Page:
The Gary Bellow Public Service Award was created in 2001 to recognize excellence in public interest work at HLS and to honor Professor Bellow (’60). The awards are given annually by the student body of Harvard Law School to a student and alumnus/a for their commitment to social justice.
The three student finalists for the 2013 Gary Bellow Public Service Award are all HLS clinical students. Their involvement spans a range of HLS clinics and SPOs.
Gary Bellow was the founder and former faculty director of Harvard Law School’s Clinical Programs, and a pioneering public interest lawyer. His career was dedicated to providing legal services to the poor and to teaching law students practical skills. Commenting about his time from 1962-1965, when he was serving as deputy director of the Legal Aid Agency for the District of Columbia, and when he and his colleagues faced an enormous caseload with no job training, Professor Bellow told the Harvard Law Bulletin, “We discovered the best legal education America had to offer didn’t teach us how to get someone out of a cell block.”
Professor Bellow co-founded the WilmerHale Legal Services Center of Harvard Law School, the school’s major legal clinic, located in the Jamaica Plain neighborhood of Boston.
Apply today for the 2013 Semester in Washington Program
The 2013 Semester in Washington Program is now accepting applications! Students spend the entire Spring semester (except for Spring break) in Washington, D.C. working as legal interns in a variety of federal offices while taking an evening course on government lawyering. Placements are principally in federal government offices where lawyers conduct research and provide legal advice and assistance on policy, legislative or regulatory matters, rather than investigating and litigating cases.
Placements are coordinated by the clinic director, Jonathan Wroblewski, in consultation with students and the Office of Clinical and Pro Bono Programs.
To apply, submit the following information by Aug 17, 2012 via an online form:
Are you a rising 2L, 3L, or LLM who is interested in learning about corporate governance, the relationship between internal and external stakeholders, and the role of shareholders? The HLS Shareholder Rights Project (SRP) is a clinical program through which faculty and students assist public pension funds and charitable organizations to improve corporate governance at publicly traded companies in which they are shareowners. With supervising attorneys, students conduct research, draft memos and reports, and participate in meetings with company and pension fund representatives.
The Shareholder Rights Project seeks participants for its 2012-2013 clinical program, which includes a fall-spring clinic and a spring seminar. To apply, submit a statement of interest (maximum 200 words), resume, and academic transcript (unofficial or official). You may also opt to include a writing sample of no more than 15 pages (one sample only). Applications should be addressed to the instructors, Lucian Bebchuk and Scott Hirst, but submitted to Emily Lewis ( emlewis at law.harvard.edu). Applications will be considered on a rolling basis. Interested students are encouraged to apply as soon as possible, as only a few spots remain.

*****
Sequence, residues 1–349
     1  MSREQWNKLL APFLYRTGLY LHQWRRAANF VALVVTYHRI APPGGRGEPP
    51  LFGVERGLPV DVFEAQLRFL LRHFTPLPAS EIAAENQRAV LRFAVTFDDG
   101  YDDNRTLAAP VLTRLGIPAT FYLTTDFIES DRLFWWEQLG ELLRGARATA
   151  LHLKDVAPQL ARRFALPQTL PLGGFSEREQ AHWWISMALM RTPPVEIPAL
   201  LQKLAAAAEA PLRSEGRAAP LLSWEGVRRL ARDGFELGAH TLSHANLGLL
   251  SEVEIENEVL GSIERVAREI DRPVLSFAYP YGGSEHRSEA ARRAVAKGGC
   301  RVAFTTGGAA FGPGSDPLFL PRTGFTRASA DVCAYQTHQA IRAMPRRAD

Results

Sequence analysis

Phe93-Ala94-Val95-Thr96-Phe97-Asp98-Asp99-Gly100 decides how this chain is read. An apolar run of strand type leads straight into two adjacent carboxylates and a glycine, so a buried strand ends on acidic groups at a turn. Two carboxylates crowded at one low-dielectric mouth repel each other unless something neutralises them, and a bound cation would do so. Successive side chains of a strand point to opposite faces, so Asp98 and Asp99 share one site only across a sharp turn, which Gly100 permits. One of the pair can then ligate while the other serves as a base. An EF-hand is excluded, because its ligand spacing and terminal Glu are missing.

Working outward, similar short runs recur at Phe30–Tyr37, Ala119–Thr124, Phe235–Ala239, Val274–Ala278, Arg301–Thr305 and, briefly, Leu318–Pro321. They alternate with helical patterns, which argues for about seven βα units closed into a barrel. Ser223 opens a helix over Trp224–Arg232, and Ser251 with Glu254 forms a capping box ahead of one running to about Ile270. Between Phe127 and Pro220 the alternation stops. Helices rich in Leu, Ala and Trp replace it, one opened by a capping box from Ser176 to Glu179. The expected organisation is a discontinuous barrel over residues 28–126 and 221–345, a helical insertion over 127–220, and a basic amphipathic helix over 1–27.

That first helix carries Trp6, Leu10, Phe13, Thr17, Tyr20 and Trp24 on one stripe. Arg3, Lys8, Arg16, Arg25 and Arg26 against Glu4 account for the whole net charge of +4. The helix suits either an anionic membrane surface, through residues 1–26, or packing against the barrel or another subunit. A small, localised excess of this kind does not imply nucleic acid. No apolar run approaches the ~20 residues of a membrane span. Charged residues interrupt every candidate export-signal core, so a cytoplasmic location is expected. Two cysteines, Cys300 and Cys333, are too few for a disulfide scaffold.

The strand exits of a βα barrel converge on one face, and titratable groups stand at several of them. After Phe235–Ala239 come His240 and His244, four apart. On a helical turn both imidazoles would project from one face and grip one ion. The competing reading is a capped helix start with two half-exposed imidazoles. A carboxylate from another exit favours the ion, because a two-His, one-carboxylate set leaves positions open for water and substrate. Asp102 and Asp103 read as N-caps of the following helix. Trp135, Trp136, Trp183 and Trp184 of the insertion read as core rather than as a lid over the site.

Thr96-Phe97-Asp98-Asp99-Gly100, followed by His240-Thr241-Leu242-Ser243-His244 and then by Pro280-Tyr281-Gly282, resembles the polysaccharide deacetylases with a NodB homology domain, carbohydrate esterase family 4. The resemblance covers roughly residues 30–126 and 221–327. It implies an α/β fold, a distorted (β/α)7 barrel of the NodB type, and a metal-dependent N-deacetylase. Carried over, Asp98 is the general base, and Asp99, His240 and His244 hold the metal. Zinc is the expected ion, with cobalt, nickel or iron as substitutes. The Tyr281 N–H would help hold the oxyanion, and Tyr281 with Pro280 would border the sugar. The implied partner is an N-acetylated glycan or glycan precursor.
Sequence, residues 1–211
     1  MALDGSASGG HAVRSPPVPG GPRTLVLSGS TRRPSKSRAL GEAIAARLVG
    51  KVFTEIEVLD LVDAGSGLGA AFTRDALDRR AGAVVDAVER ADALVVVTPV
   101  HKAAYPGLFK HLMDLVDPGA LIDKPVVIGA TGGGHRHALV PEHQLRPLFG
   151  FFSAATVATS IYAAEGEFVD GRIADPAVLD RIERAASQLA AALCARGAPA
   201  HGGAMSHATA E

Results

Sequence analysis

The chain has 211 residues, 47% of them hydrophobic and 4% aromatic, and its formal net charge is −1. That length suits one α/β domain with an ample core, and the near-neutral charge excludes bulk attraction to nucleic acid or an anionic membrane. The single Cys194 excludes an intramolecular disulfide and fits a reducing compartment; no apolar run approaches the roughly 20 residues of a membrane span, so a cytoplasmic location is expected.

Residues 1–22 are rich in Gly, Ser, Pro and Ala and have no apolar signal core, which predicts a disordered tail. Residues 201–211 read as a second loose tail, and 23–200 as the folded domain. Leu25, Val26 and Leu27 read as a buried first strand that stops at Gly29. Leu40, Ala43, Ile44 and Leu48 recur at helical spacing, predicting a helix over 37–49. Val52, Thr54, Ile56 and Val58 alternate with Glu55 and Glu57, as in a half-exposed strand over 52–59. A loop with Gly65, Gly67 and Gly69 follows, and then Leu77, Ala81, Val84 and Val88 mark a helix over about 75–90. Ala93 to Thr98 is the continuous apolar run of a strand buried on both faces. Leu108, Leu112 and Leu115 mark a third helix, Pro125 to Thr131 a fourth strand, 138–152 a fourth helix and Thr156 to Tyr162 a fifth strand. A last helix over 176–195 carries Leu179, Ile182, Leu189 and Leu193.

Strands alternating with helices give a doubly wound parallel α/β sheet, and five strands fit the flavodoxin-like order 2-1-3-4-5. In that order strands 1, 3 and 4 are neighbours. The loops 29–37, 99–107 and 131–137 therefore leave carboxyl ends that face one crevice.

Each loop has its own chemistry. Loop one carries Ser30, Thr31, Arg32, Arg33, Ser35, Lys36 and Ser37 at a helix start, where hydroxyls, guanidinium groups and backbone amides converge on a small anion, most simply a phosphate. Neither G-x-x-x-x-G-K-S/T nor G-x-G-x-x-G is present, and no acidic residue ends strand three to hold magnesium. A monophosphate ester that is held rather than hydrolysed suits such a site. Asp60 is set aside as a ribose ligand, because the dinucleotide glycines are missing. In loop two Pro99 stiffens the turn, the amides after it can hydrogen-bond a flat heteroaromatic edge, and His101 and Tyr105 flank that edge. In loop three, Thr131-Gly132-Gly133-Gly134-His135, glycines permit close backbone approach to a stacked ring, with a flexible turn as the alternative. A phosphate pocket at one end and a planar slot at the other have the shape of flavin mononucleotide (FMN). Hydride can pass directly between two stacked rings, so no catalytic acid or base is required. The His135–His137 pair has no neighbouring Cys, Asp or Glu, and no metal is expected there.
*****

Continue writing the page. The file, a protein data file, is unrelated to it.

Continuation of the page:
Today’s “Clinical Voices” comes from Jonathan Wroblewski, who runs the Semester in Washington program at Harvard Law School. Here is his note to his students at the end of the semester:
The 2012 edition of the Harvard Law School Semester in Washington has ended, and it has been a wonderful semester in so many ways!
We’ve explored what policy making is and the building blocks that make up rigorous and thoughtful policy making. We’ve met fascinating people, including Senator Tom Udall, National Security Staff Deputy Counsel Michael Bahar, Cabinet Secretary Chris Lu, White House Human Rights Director Samantha Power, policy entrepreneur Jeanne Smoot, Sentencing Commission General Counsel Ken Cohen, Professor Doug Berman, and many more. We visited the Facebook policy shop and wrestled with issues of privacy and commerce. We’ve worked on some critical writing skills and heard some pretty good “Elevator Pitches,” including ones to revamp foreign aid, reform defense spending, and make a change at the top of the FHFA. We visited the Supreme Court and watched as the Solicitor General defended the Stolen Valor Act. We’ve set goals for ourselves; met some (maybe most); and missed a few, too. We’ve worked hard at our placements and shared and learned from each other’s experiences. We’ve thought about the ethical responsibilities of the government lawyer and picked apart how government bureaucracies work. We ventured outside of the Washington of tourists and monuments and served some of the people who call Washington home. We shared a few meals together and gotten to know one another a lot better. For each of us there were expectations met, expectations missed, and some surprises.
Most gratifying is that we were able to create a small community of learning away from Cambridge and in this strange city of Washington, D.C. I have enjoyed getting to know all of you and sharing some of your experiences over the past three months. Please don’t hesitate to call on me if there is ever anything I can do for you. I will be in Cambridge in the fall to recruit for our Semester in Washington Class of 2013. I hope to see some of you there. And if you are ever near the Main Justice Building, please drop me a line and let’s find time to catch up.